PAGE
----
CSCI 270: Introduction to Algorithms and the Theory of Computing (Spring 2016)

Basic information


Schedule by Week

Course Description

The course covers the fundamentals of algorithm design and the theory of computing. Much of the work of a computer scientist is problem solving using computational artifacts (such as modern computers), and problem solving involves describing step-by-step procedures that can be followed by machines. These are called algorithms. Many fundamental techniques for algorithm design, as well as specific algorithms themselves, recur throughout all areas of computer science, and computer scientists must be able to apply design and analysis techniques to devise efficient algorithms and compare them.

The flipside of algorithm design is knowing the limits of algorithm design: when are problems so intractable that they either cannot be solved at all, or can --- to the current state of scientific knowledge --- only be solved by very inefficient algorithms? Such knowledge is necessary to avoid searching for solutions to problems that simply cannot be solved.

The course CSCI 270 provides an introduction to both of these complementary pieces: it covers greedy algorithms, Divide&Conquer algorithms, Dynamic Programming and their corresponding analysis techniques. It also contains an introduction to the theory of NP-completeness and computability theory. At the discretion of the instructor, it will contain a discussion of a subset of the following topics: algorithms for flows and cuts, linear programming, the role of randomization in computing, approximation algorithms, number-theory based cryptographic algorithms, and non-standard models of computing.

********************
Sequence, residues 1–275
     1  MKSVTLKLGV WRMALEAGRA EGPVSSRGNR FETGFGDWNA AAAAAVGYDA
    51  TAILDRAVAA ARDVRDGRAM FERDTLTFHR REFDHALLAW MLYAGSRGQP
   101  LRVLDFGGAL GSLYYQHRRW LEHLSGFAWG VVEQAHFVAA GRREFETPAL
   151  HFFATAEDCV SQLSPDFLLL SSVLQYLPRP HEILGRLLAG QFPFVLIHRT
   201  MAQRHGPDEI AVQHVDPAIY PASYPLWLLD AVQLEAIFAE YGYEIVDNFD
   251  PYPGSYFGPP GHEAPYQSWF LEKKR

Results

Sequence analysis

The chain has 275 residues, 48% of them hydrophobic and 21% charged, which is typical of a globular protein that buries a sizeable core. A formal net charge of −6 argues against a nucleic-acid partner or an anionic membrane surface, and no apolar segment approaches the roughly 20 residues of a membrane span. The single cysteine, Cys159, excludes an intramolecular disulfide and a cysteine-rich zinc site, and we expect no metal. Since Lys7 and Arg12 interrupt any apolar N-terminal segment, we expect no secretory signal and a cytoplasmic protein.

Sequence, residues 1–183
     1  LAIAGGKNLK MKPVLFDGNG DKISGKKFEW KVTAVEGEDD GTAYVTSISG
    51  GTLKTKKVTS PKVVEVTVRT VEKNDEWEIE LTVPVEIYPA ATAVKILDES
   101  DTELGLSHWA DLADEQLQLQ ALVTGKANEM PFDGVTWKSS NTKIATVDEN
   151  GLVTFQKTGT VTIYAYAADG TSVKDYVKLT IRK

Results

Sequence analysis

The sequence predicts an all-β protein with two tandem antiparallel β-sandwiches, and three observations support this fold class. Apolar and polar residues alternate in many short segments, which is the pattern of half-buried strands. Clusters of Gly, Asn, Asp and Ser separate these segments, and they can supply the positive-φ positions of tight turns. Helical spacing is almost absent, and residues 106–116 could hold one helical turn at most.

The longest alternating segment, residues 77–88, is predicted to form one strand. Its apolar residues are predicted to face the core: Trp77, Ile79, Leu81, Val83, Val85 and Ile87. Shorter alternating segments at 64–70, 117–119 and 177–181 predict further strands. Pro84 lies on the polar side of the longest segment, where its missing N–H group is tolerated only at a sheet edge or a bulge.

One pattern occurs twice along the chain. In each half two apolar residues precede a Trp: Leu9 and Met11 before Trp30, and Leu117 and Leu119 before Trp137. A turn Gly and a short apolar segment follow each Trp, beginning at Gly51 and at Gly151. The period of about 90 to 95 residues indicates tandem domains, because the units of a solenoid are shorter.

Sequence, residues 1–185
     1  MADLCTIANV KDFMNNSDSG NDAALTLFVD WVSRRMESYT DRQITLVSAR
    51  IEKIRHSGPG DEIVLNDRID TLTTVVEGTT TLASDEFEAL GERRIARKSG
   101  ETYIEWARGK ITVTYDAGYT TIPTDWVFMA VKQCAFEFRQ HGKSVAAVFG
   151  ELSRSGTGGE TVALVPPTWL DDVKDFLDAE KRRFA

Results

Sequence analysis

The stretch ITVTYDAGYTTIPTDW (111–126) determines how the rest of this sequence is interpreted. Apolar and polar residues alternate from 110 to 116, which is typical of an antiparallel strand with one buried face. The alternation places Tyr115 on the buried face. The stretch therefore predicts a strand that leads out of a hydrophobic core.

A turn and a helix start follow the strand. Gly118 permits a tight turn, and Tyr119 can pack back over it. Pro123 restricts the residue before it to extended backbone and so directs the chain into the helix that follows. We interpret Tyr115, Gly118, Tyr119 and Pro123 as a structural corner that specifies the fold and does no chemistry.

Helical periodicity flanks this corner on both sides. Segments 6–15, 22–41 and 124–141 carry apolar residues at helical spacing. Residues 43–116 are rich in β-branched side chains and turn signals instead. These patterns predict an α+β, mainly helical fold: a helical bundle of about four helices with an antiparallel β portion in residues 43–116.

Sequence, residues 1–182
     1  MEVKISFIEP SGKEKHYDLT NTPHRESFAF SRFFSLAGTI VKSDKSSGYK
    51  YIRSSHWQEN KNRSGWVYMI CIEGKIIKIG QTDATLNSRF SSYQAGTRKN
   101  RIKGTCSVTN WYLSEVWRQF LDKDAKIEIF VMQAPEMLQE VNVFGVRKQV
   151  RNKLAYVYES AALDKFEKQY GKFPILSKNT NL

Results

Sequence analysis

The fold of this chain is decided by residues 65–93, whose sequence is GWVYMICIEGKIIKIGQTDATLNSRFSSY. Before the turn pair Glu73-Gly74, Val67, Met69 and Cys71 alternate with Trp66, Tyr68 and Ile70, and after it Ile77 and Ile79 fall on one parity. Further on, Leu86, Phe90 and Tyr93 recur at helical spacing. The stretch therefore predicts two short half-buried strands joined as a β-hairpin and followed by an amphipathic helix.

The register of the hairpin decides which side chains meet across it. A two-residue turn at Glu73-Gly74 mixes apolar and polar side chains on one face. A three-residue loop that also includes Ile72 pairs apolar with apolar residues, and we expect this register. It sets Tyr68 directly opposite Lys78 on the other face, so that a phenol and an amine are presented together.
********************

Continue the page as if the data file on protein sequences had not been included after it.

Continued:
The course textbook will be Algorithm Design by Kleinberg and Tardos. We will lean heavily on the textbook, though I will occasionally assign additional reading which will be linked on the course website.

Requirements and Grading


Regrades: You are allowed at most two weeks after homeworks/exams are handed back to request a regrade. Requests should be submitted in writing to one of the TAs, and you must wait at least 1 day after receiving your graded homework before submitting one (to avoid hasty knee-jerk requests).

Late Homework Policy: You will be allowed 4 late days for homework, to be used in integer amounts and distributed as you see fit. No additional late days are allowed. To submit a late homework, please leave it in the dedicated dropbox in TBD, and immediately send email to a TA informing them of the time of submission.

Collaboration and Academic Integrity

I will expect the utmost in academic integrity from each of you, and I will trust you to abide by the commensense norms of academic integrity (see the statement on academic integrity near the bottom of the website), in addition to the expectations I lay out below. If you have any doubts as to whether a certain practice is considered a violation of academic integrity, it is your responsibility to preemptively ask me or the course staff before engaging in the practice. While we will not go out of our way to identify violations of academic integrity, those who are found to be in violation will be referred to the office of judicial affairs without exception.